Mathematical Mindsets: Unleashing Students’ Potential Through Creative Math, Inspiring Messages and Innovative Teaching by Jo Boaler

8. Assessment for a Growth Mindset

  • Jo begins by pointing out the damage that standardized testing has had on math instruction. Tests focus on performance questions and encourage teachers to do the same with their own assessments. They also lead to grades by which students define themselves as they encourage fixed mindsets. They also tend to sap motivation. She cites a good deal of research that shows how students who focus on projects rather than computation outperform others, and on research that shows higher achievement for students who are given individual constructive feedback rather than grades. Jo suggests you watch Race to Nowhere and the follow-up film Beyond Measure which reinforce her points.
  • The rest of this chapter contains some specific ideas of how to assess students. The focus is on where each student is now, where they need to go, and how to get there. Self-assessment (metacognition) has a big role. There is a section on jigsaw group techniques and how teachers can give diagnostic comments. Jo also has good advice for teachers who still have to give grades.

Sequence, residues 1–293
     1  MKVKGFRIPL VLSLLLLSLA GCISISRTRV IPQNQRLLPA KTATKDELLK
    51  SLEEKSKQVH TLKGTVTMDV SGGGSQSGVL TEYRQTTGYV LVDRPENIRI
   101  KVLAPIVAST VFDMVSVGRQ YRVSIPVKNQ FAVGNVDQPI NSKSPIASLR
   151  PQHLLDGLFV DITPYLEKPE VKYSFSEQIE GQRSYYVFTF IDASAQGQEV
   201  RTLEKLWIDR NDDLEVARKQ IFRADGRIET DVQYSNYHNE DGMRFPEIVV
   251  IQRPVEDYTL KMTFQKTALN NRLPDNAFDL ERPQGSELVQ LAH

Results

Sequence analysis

9. Teaching Mathematics for a Growth Mindset

  • Here we have a final pitch to see math as an open, growth, learning subject and students as powerful agents in the learning process. Jo adds the notion of starting with setting the following classroom norms: 1. Tell students there is no such thing as a math brain and that they can all achieve at high levels. 2. Tell them you love mistakes and that mistakes allow their brains to grow. 3. Failure and struggle do not mean that you can’t do math. They are the most important parts of math learning. 4. Working in depth is much more valuable that working quickly. 5. Tell them you love questions and to expect some of them to end up on the walls. While these are important words, they must be supported by action on the teacher’s part.
  • The rest of the chapter offers many more examples that will help teachers internalize the key ideas that will help promote growth mindsets. Jo shows new ways to ask more traditional math questions and ways to respond to students who just want teachers to give them the right answer. Activities should feature opportunities for more creativity and visual representations. Technology and manipulatives also have an important role.
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